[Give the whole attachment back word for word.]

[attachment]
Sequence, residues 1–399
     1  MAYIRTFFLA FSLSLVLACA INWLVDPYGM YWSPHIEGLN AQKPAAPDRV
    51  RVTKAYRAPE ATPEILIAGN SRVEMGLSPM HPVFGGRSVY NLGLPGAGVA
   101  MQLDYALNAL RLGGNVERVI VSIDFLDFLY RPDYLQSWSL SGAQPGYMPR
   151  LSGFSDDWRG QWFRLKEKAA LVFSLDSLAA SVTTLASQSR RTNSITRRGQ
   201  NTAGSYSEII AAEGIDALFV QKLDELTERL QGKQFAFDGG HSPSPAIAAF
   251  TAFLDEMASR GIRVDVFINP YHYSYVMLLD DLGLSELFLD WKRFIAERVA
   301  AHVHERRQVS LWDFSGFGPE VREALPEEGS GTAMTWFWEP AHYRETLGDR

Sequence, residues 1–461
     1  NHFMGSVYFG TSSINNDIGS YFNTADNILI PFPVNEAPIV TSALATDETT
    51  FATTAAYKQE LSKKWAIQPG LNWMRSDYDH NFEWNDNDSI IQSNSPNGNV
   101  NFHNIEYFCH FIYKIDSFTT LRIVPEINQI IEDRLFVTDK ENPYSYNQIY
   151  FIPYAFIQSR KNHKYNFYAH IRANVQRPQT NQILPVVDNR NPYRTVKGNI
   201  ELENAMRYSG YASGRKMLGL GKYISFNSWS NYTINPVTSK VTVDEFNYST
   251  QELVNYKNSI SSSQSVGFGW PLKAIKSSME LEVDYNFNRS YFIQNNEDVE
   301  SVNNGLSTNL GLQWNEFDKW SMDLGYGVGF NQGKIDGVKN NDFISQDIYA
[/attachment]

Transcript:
Sequence, residues 1–399
     1  MAYIRTFFLA FSLSLVLACA INWLVDPYGM YWSPHIEGLN AQKPAAPDRV
    51  RVTKAYRAPE ATPEILIAGN SRVEMGLSPM HPVFGGRSVY NLGLPGAGVA
   101  MQLDYALNAL RLGGNVERVI VSIDFLDFLY RPDYLQSWSL SGAQPGYMPR
   151  LSGFSDDWRG QWFRLKEKAA LVFSLDSLAA SVTTLASQSR RTNSITRRGQ
   201  NTAGSYSEII AAEGIDALFV QKLDELTERL QGKQFAFDGG HSPSPAIAAF
   251  TAFLDEMASR GIRVDVFINP YHYSYVMLLD DLGLSELFLD WKRFIAERVA
   301  AHVHERRQVS LWDFSGFGPE VREALPEEGS GTAMTWFWEP AHYRETLGDR

Sequence, residues 1–461
     1  NHFMGSVYFG TSSINNDIGS YFNTADNILI PFPVNEAPIV TSALATDETT
    51  FATTAAYKQE LSKKWAIQPG LNWMRSDYDH NFEWNDNDSI IQSNSPNGNV
   101  NFHNIEYFCH FIYKIDSFTT LRIVPEINQI IEDRLFVTDK ENPYSYNQIY
   151  FIPYAFIQSR KNHKYNFYAH IRANVQRPQT NQILPVVDNR NPYRTVKGNI
   201  ELENAMRYSG YASGRKMLGL GKYISFNSWS NYTINPVTSK VTVDEFNYST
   251  QELVNYKNSI SSSQSVGFGW PLKAIKSSME LEVDYNFNRS YFIQNNEDVE
   301  SVNNGLSTNL GLQWNEFDKW SMDLGYGVGF NQGKIDGVKN NDFISQDIYA